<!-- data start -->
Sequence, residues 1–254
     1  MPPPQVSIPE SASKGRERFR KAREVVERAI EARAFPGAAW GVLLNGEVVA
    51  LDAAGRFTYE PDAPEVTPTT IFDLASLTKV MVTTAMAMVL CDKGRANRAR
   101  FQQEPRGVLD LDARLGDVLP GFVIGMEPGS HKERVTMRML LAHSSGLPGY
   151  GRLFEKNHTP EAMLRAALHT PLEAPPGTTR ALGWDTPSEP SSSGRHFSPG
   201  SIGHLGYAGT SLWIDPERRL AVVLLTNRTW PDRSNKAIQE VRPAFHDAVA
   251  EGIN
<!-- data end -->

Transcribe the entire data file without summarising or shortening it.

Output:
Sequence, residues 1–254
     1  MPPPQVSIPE SASKGRERFR KAREVVERAI EARAFPGAAW GVLLNGEVVA
    51  LDAAGRFTYE PDAPEVTPTT IFDLASLTKV MVTTAMAMVL CDKGRANRAR
   101  FQQEPRGVLD LDARLGDVLP GFVIGMEPGS HKERVTMRML LAHSSGLPGY
   151  GRLFEKNHTP EAMLRAALHT PLEAPPGTTR ALGWDTPSEP SSSGRHFSPG
   201  SIGHLGYAGT SLWIDPERRL AVVLLTNRTW PDRSNKAIQE VRPAFHDAVA
   251  EGIN